How typographic hierarchy can improve PacSun’s mobile app
PacSun is a clothing retail company. Its mobile app is heavy on text. Filtering results requires scrolling through a long list of text-based options. In addition, the lack of typographic hierarchy slows down the ability to quickly scan information.
For this mobile app design concept, I customized the layout of the filter options and adding hierarchy to prioritize key pieces of information.
Scrolling through dozens of products, especially on mobile, can be time-consuming. Filters provide a great way to cut through the noise and view your desired products. However, not all filters are created the same. PacSun’s filter options are all text-based. They present the filter options in a list view for each filter, making for several scrolls on the user’s end. For example, their color filter has 30 options, which equate to 30 lines of text.
I counted the options for their size, color, and price filters. Then, I decided how to best present those options to users while reducing real estate on the screen.
For the size filter, I used a grid format with four sizes on each row. I also added headers to indicate the type of clothing the sizes corresponds to. (The current app doesn’t distinguish between sizes nor does their desktop website.)
The grid format also worked well for colors, reducing the number of lines from 30 to 4. I also added a label for each color for accessibility.
I replaced their list of price ranges with a slider that allows the user to select either end and slide it to her desired price range.
In addition to redesigning the Filter options, I also switched their Filter page to a Filter screen. Instead of the user being taken to another page to select filters, I designed the Filter screen to slide in from the right.
This gives users context as to what the filter options correspond to. Having the filter screen slide in from the right was also intentional since the Filter option in the Filter/Sort menu is on the right side.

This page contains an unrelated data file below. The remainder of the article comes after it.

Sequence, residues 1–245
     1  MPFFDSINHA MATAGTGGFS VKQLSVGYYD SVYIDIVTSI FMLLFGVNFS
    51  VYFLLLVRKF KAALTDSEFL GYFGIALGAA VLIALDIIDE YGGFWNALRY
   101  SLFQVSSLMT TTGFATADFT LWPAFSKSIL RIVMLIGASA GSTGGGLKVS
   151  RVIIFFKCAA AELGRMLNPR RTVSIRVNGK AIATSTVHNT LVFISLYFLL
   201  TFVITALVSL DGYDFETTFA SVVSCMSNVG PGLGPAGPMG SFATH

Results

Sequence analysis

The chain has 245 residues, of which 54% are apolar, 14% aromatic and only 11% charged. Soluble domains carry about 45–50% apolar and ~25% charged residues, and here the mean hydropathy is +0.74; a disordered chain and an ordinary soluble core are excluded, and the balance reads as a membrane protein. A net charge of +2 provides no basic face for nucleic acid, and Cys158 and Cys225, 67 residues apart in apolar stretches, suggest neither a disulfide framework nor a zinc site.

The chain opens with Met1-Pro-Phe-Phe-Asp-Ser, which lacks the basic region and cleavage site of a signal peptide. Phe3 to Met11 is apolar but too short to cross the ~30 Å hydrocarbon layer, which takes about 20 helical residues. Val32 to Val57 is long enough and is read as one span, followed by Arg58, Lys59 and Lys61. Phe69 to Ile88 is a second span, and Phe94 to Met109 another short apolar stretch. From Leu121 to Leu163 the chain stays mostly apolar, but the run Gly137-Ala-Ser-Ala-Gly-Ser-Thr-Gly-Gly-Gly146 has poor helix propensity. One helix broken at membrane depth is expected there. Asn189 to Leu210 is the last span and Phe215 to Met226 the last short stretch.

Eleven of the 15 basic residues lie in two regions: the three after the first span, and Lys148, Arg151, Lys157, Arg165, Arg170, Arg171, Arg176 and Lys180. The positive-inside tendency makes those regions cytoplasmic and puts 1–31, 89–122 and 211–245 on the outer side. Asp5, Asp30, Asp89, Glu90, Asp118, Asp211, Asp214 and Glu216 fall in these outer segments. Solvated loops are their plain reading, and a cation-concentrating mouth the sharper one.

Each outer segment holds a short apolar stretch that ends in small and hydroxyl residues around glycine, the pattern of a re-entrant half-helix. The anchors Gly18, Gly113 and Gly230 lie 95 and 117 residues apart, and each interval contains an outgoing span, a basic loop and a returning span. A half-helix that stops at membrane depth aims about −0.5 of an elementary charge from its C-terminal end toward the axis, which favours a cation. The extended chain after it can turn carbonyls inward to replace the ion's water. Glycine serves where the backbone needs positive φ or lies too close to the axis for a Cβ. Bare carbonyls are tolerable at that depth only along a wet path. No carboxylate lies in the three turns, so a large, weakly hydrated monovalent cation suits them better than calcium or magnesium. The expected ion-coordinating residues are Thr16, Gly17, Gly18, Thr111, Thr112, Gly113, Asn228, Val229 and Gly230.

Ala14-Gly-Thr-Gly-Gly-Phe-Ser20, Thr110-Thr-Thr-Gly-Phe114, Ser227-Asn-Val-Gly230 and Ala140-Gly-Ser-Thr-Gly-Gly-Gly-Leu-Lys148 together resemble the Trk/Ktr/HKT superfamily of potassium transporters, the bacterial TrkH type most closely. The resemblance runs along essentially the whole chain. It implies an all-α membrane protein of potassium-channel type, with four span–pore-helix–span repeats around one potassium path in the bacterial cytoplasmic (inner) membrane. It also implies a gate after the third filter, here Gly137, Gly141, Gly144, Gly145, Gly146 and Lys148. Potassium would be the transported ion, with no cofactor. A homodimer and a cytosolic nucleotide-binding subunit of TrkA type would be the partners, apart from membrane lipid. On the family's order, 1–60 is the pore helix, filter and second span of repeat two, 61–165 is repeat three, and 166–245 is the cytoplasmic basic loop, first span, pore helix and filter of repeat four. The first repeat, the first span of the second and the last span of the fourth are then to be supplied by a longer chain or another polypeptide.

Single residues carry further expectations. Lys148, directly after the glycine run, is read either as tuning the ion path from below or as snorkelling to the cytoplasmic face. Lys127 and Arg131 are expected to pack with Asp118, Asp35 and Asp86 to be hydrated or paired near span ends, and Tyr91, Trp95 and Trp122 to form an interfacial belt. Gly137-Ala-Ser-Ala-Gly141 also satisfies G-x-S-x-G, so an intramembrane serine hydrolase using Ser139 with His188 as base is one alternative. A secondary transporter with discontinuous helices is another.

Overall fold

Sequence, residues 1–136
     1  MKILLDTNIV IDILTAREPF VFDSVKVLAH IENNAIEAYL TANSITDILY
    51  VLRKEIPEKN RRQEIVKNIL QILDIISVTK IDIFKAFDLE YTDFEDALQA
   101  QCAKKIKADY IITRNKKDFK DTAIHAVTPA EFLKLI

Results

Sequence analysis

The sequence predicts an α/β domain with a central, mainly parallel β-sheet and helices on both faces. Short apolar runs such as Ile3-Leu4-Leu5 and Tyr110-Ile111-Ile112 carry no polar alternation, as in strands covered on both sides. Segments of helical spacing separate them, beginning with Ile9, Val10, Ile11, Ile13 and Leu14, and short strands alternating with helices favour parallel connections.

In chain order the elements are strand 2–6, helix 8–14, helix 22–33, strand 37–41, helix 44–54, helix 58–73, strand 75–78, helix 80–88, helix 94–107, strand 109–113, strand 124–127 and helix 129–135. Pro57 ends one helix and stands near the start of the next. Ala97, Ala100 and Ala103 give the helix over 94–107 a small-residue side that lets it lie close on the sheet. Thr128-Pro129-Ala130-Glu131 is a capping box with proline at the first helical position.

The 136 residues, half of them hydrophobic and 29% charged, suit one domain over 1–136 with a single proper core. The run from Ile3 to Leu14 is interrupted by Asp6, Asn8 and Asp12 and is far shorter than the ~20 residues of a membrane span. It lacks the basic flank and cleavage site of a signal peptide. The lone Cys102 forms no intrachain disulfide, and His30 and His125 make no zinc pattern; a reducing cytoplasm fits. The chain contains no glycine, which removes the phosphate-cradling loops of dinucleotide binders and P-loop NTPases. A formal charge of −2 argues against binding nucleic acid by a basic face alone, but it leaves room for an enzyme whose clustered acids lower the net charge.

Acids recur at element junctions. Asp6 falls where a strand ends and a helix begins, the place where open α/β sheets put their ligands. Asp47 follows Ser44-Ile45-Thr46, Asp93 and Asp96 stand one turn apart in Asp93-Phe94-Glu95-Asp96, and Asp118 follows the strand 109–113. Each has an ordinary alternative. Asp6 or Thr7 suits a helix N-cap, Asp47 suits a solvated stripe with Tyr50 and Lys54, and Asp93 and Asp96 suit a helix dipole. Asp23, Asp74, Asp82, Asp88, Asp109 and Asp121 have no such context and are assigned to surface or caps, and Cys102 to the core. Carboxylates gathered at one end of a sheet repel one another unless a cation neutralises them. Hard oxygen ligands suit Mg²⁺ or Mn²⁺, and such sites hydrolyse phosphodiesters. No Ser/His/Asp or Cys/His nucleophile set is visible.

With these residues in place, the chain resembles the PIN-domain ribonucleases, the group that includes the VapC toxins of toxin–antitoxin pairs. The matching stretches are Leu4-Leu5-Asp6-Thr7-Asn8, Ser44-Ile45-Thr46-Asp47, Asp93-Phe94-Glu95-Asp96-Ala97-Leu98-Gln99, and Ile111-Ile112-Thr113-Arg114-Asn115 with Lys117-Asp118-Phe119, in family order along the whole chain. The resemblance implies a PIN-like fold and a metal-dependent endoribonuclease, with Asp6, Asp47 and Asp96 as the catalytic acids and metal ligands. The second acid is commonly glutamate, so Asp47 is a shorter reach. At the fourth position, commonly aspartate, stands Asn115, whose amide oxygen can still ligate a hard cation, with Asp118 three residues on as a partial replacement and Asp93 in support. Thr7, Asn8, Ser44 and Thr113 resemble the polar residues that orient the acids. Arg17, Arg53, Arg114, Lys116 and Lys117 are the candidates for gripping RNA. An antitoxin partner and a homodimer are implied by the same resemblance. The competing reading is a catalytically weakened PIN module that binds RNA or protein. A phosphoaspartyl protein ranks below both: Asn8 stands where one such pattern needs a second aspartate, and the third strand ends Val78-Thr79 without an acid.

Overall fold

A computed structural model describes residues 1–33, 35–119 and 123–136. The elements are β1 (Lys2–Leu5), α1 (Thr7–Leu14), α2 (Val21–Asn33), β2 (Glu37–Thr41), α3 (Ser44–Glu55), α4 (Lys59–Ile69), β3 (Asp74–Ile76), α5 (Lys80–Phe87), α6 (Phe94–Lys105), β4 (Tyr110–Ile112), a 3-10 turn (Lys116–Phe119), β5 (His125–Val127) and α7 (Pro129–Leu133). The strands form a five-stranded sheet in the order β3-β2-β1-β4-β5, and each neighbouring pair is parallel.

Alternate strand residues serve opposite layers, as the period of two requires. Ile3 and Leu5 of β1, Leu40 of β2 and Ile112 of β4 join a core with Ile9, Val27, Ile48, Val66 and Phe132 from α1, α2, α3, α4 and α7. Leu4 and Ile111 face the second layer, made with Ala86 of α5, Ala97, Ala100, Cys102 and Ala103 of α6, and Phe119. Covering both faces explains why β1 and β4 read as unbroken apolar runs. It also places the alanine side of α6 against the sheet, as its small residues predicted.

There lacked a strong difference between information. For example, on the Products page, the font size and weight are the same for both the name of product and price.
In my design concept, I made the price bigger and in bold on the Products page. Helvetica was their font of choice with 0 letter spacing, and reading it on tiny screens made for eyestrain. I borrowed their use of letter spacing from their desktop website and used it throughout the app.
On the Product Details page, I also reorganized the content below the product image. I turned “No Reviews” to 5 stars with a number on the right side to indicate the number of reviews. I also made the quantity and size options into drop-downs and made them look equal to each other and on the same line. Last, I moved the “Add to Bag” CTA button higher and below the drop-downs for easy access and faster checkout process.
Wish list icon
PacSun uses a heart icon to allow users to add items to their wish list. Yet, they’re only placing the heart icon on the image once a user clicks through to the Product Details page.
I expanded the use of the icon and added it to all product images. This makes it easier for those who wish to scan the Products page, add items to their wish list, and then visit their wish list to view their selections before adding them to their cart.
I rearranged their Sort menu options to go from: Relevance, Low to High, High to Low, and Best Reviewed. I added Best Reviewed because it’s a common (helpful) filter for e-commerce sites, and a user requested it in the App Store.
Number of results
The number of results is now displayed below the Filter/Sort menu to provide feedback. This lets users know the number of items they can expect to see after searching or filtering.
The current bag screen, before checkout, only offers the option to edit the quantity of a product. I added “Edit order” to allow users to edit all fields, including size and color.
If I were a UX/UI Designer for the brand, I would measure performance of these changes by measuring the time it takes to complete a task now and comparing it to the time for task completion after the UX changes are implemented. Web analytics data could provide this data, but usability tests would also provide valuable qualitative data as well.